In our latest installment of From the Desk of the CIO: Unleashing Asset Allocation Benefits, Mike Parker explains how the tools that were formerly reserved for large institutions can now be accessed by individual investors. This piece—available here to download—acts as a companion to a broad allocation change that we have made to our Multi-Asset Income (MAI) strategy, effective as of March 1st for existing clients.
Here is an excerpt:
The first step to asset allocation design is categorizing the opportunity set of an investable universe. The core variable here is the universal feature behind every security: the cash flow that it either generates or expects to generate. In newly issued equities, the presence of sustainable cash flow may indeed be years away. However, investors invariably attempt to factor all potential variables impacting the path to profitability into their assessment of that security’s present value. In fixed income, the exercise is no different, but the nature of a face value repayment, regular coupon payments, and capital structure nuances—to name a few—carry different implications on the security owner’s return variability. Hence, a fixed income security’s price volatility reacts differently than cash flow streams accruing to the equity holder. These differences are typically what drive higher percentages of fixed income-based allocations, all else equal, for investors skewing to the more conservative end of the risk/reward spectrum.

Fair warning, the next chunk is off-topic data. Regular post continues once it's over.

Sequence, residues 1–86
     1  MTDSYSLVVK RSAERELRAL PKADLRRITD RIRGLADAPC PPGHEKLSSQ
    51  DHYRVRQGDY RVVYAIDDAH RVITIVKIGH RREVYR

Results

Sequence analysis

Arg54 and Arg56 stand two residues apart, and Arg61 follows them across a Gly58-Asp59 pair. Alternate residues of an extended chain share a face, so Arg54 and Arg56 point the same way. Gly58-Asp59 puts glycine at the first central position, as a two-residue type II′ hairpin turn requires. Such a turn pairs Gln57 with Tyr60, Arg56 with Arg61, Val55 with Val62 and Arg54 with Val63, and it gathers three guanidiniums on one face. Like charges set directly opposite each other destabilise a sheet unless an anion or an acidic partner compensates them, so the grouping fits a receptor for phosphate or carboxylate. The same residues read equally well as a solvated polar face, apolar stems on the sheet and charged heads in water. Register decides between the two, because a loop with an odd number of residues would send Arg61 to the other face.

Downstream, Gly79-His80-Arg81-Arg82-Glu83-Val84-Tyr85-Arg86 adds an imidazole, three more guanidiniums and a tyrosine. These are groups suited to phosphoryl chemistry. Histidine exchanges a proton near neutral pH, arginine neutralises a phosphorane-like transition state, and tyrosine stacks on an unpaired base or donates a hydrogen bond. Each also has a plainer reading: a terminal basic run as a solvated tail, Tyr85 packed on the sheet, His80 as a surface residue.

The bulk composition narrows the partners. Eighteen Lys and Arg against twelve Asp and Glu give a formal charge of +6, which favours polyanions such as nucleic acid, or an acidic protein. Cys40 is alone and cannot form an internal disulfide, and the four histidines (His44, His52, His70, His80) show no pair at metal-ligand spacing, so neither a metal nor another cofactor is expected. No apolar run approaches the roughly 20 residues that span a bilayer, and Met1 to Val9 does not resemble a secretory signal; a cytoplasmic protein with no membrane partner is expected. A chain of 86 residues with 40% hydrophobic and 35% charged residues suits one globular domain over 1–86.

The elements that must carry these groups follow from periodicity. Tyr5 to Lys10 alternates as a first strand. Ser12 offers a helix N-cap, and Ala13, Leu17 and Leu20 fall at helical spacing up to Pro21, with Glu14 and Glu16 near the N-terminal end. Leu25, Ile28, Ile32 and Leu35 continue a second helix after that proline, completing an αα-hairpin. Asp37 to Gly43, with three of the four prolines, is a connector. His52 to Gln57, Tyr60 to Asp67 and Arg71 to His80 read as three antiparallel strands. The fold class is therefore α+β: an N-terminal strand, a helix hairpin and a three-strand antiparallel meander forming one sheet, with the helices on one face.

Even within equities, cash flow variability can be derived from differences pertaining to the sector, geographic exposure, market capitalization, or go-to-market actions of a given company. For example, the pace of innovation, and the incessant need to translate it into products and services is fastest within the technology sector. The core driver to this cadence is humanity’s insatiable computing needs, where we attempt to squeeze smaller and smaller features onto silicon wafers with every passing day. Place the wrong bets on the wrong set of features, and you’ll find yourself suffering the fate of the Palm Pilot, a product that was forced into capitulation by the iPhone. The business of competing within technology runs at a faster rate than that of a beer distributor or cigarette producer, for instance. The latter companies face the task of attempting to appeal to demographic demand shifts toward craft beer and e-cigarettes, respectively, along with preparations for when/if cannabis becomes legalized within the US.
Sector differences aside, resource scarcity can vary greatly among companies of differing sizes, which ultimately impacts cash flow variability, as the resources available to a $100 billion+ market capitalization company are vastly different than a $1 billion company. Generally speaking, a smaller company has to make smaller, concentrated bets with much less room for error. Even though tools at the disposal of the startup today are vastly superior to those from a decade ago—enabled by the likes of Amazon Web Services and Google Cloud Platform—an issuer’s market capitalization undoubtedly has an impact upon its cash flow variability. . .
Download the rest of the whitepaper by clicking here.